Western scholars evaluating the cultural influence of Confucianism on emerging Asian nations often note how nepotism undermines clean government and industrial modernization. People on Taiwan may tolerate "guanxi" in the private sector. But at the very least they should not tolerate it in the public sector. They must not tolerate the politically privileged engaging in the obstruction of justice. Otherwise, how can we call ourselves a democracy under the rule of law? How can NGOs monitoring the government according to the law call themselves "civil society?"
Real progress has been made toward the rule of law . But loopholes also abound. Keelung Mayor Chang Yung-tung exerted undue influence in a drunk driving case. He slammed his palm down on a desk and cussed people out in a police station. He was prosecuted for "obstructing the performance of official duties." An unsuccessful Control Yuan impeachment effort led to a public outcry. Over the years, how many traffic tickets have been torn up as a result of elected officials peddling influence on behalf of the public? More and more sweetheart deals. corruption, and dereliction of duty have been prosecuted. Take the recent CNPC general manager appointment case. Reporters noted how some parties persuaded legislators to "mediate." An enraged Minister of Economic Affairs immediately reassigned personnel. The public praised the minister for his iron rule, They agreed that his was the only way to put an end to the culture of "guanxi." Take the Lin Yi-shi corruption case. The law of course prohibits extorting "political contributions." But one aspect in particular most shocked the public, namely when Lin intervened in state-owned enterprises and declared that "I am in charge of the national treasury." Lin openly boasted that he was enaged in what the rest of the world calls "peddling influence." This is "lobbying on behalf of the politically privileged." Is there really no solution to this problem?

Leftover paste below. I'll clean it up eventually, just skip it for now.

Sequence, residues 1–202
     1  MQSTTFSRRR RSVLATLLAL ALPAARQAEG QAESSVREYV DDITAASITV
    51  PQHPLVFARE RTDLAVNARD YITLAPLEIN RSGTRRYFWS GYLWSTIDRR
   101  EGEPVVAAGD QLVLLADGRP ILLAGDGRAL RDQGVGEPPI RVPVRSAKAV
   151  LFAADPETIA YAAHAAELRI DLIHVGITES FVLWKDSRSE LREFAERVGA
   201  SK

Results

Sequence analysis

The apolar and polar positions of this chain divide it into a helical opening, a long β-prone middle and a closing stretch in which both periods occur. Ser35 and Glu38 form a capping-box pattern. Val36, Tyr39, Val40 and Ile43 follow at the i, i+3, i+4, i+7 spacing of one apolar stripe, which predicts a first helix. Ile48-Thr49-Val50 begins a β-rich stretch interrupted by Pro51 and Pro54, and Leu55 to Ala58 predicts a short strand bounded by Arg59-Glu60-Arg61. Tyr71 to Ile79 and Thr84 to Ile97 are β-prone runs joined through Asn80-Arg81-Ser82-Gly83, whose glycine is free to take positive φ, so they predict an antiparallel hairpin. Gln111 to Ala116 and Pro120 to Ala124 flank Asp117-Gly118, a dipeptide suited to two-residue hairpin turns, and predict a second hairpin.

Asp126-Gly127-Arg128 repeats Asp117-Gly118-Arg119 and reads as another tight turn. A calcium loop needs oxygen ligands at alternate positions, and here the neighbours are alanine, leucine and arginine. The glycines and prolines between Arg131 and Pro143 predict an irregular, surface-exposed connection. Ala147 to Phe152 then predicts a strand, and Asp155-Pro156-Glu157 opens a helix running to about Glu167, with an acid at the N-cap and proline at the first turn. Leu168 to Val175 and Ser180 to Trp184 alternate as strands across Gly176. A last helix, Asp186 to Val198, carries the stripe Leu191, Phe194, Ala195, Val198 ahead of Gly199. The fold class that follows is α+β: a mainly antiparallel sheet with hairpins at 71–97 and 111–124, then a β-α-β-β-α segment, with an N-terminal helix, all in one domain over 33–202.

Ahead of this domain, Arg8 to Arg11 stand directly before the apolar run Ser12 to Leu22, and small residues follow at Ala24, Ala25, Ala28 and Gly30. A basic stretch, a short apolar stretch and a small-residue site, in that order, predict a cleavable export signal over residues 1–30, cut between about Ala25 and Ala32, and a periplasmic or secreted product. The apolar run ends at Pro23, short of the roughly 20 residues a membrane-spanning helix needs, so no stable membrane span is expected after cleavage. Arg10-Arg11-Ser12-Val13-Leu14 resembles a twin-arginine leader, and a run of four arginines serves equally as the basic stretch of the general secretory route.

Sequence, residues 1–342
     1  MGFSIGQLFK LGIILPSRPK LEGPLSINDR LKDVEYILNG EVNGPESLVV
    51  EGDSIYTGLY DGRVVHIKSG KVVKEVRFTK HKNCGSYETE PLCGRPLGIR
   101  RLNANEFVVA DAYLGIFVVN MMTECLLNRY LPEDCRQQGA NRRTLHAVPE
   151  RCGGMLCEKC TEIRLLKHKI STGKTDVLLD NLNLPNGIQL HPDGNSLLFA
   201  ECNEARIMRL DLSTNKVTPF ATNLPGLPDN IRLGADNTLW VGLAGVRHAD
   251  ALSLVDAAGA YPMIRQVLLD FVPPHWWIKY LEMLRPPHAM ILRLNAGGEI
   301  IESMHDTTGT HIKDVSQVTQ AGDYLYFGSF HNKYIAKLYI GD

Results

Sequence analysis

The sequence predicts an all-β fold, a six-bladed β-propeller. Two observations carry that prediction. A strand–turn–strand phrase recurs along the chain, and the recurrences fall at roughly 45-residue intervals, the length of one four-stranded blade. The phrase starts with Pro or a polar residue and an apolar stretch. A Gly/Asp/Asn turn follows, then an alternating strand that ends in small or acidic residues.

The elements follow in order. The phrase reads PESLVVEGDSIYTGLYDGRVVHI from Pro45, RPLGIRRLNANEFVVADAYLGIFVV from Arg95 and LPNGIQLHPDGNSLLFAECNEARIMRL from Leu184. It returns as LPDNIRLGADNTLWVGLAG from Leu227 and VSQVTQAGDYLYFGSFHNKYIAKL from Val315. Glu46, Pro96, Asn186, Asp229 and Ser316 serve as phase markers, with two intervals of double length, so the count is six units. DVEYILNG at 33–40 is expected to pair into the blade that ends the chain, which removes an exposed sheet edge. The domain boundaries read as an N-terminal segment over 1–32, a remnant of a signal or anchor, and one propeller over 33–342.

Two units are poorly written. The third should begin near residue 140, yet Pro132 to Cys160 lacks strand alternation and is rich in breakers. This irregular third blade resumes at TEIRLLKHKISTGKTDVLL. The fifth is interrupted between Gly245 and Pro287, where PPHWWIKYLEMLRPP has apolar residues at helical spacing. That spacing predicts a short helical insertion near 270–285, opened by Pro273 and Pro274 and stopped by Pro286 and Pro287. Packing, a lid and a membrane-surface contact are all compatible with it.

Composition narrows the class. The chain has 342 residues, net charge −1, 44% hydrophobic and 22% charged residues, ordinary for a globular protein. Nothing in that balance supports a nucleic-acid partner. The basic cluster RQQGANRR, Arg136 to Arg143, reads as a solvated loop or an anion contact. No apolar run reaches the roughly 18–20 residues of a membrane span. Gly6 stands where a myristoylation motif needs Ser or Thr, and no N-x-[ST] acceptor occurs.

People here may consider "guanxi" as no big deal. But "obstructing the performance of official duties" and the "obstruction of justice" are different. Speaker of the Legislature Wang Jin-pyng "expressing concern" for colleagues may not have involved any pecuniary considerations. But Article 17 of the "Legislative Practices Act" expressly prohibits "lobbying in ongoing criminal justice cases." Is this really nothing? Today's civil society is a public embarrassment. It is a case of "Long live influence peddling!"
How will these months of political turmoil be resolved? Influence peddling touched off a political struggle. Will the public pretend it was no big deal and sweep the entire affair under the rug? If so, what hope for the rule of law is there? Perhaps legislators cannot be counted on to uphold justice. But the public on Taiwan, and all who care about the rule of law, must make every effort to pass laws against the "obstruction of justice." The culture of "guanxi" must be elminated. This is a matter of right and wrong. This is a matter of the rule of law. Young people are about to become members of society. Will that society be dirty or clean? Can they expect justice? This is where the answer lies.
2013.10.11 03:41 am
一般人以為的關說，多泛指「請託」或「說情」（intercede）。但在涉及公務行為時，可能影響到政策執行或相關當事人利益的關說，通常叫做「遊說」（lobby）；若是牽涉司法案件，關說行為則可能衍生「妨礙司法公正」（obstruction of justice）或「不當運用影響力」（influence peddling）兩種罪行。在西方法治國家，不同性質的「關說」行為均受到不同法令的規範，定義也很明確；但在台灣，由於詞義的籠統，許多人卻以為「差不多」。